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-- Bono

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Column: off the record..., vol. 6-201

@U2, February 12, 2006
By: Marylinn Maione

 

(Matt McGee is taking a few weeks off. Marylinn Maione fills in with this week's OTR.)

There's been a strange convergence of disparate elements of my life this week. Although it wasn't very pretty, on Sunday I got to relive the glory days of the '70s when the Steelers won their 5th Super Bowl ring. On Tuesday, the team was welcomed home to a throng of 250,000 people, or most of the population of Pittsburgh. I haven't been a football fan for a long time, but I had fun watching my kids enjoy the hoopla as much as I did at their age.

Then on Wednesday, my favorite band had a clean sweep at the Grammys by winning all five categories in which they were nominated. I don't take much stock in the Grammy awards, as I find it hard to believe that anyone actually listens to the records they're voting for (how else do you explain Milli Vanilli?), and truly great records don't even get nominated. Where was Beck's Guero? Nonetheless, it's always a spectacle and the industry surely appreciates U2's contribution to the musical landscape. Bono was the epitome of grace while accepting the Record of the Year Award, and ever the diplomat, had nothing but kind words for the competition. We can only guess at what Larry had to say before he was so rudely interrupted, but we can all be pretty sure in knowing what he said afterwards!

Finally, on Friday, Italy's immeasurable historical contributions to world culture were celebrated during the bizarre but often beautiful Opening Ceremonies of the Winter Olympics in Torino. My mother's family came to America from southern Italy in the late 1950s (my dad was retrieved in 1960), so I am a first generation, 100% Italian-American. I want to be like Sophia Loren, who can have her pasta and eat it too, and still look great in white high-heeled go-go boots at the age of seventy-something. Camina, Ragazza! (That's as close as I can get to "You go, girl!" in Italian).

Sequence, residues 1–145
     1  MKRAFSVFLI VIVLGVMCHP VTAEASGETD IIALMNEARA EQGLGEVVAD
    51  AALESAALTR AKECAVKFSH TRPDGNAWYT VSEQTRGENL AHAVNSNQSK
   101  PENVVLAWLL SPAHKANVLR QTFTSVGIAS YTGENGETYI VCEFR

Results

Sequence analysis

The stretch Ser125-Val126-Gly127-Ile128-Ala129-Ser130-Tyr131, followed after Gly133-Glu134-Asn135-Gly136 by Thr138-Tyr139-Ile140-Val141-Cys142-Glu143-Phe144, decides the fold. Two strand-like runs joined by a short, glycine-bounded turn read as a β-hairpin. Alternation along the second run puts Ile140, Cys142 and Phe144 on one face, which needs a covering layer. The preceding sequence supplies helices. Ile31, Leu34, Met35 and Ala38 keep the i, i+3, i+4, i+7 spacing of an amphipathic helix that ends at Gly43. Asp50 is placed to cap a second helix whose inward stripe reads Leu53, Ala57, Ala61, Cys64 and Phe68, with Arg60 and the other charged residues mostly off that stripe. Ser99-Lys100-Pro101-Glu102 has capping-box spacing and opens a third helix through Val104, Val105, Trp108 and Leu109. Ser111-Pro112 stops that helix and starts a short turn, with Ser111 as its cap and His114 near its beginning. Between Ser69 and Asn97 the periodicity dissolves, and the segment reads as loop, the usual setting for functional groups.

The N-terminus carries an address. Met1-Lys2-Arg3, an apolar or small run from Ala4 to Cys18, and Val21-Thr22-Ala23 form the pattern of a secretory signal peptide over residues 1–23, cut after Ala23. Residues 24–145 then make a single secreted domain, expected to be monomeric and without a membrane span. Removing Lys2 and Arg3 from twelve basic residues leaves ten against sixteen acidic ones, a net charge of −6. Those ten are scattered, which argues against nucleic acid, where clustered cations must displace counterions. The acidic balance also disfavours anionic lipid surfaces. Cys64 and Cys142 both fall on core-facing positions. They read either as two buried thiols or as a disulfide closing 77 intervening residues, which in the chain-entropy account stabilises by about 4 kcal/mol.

I was especially happy to see "Sometimes You Can't Make It on Your Own" win the Grammy for Song of the Year. This song resonated with me the first time I heard it, reminding me of my maternal grandfather, the stubborn, hard-to-live-with Bob Hewson in my life. The details in the song are eerily similar to what I grew up with, right down to the opera. My "Nonno" first came to America as a young musician in 1923 with his band, which broke up after just a few weeks in New York. Forty years later when he settled the family here, they bought a used stereo console so my mother could listen to Elvis, and my grandfather to Mario Lanza, (in his opinion) the greatest opera singer of all time. We all lived in the same house, so it's no wonder that I fell in love with U2, whose songs are often dramatically operatic in scope but still rock.

Until "Sometimes" was released I had no idea Bono had a similar experience during his upbringing, but it makes perfect sense to me now, particularly when listening to Zooropa. In opera, falsetto is used to escalate the tension in the story. Bono, (at the height of his vocal powers on this record) effectively employs this device in the second act of this record. Take the falsetto out of "Babyface" and it loses that sinister feel and becomes a sickly sweet love song; "Daddy's Gonna Pay for Your Crashed Car" also gets its creep factor from the falsetto. On "Numb," the Fat Lady adds some sugar to the Edge's bland monotone, making it palatable enough to listen to through to the end. My favorite is "Lemon," which dashes at you right out of the gate and has to be reigned in by the monochromatic colors of the chorus, lest you step off the ledge from the heartbreak.

True opera is about heartbreak, and "Sometimes" broke my heart every time I heard it live, more so when Bono would add bits of arias that I knew the words to, but not the titles. The same is true for "Miss Sarajevo," probably the only song where my mom and I both "get it."

I am walking around with my head in the clouds, so proud and thankful for all the people and cultural forces that have had such considerable impact on the shape of my existence.

 

© @U2/Maione, 2006.



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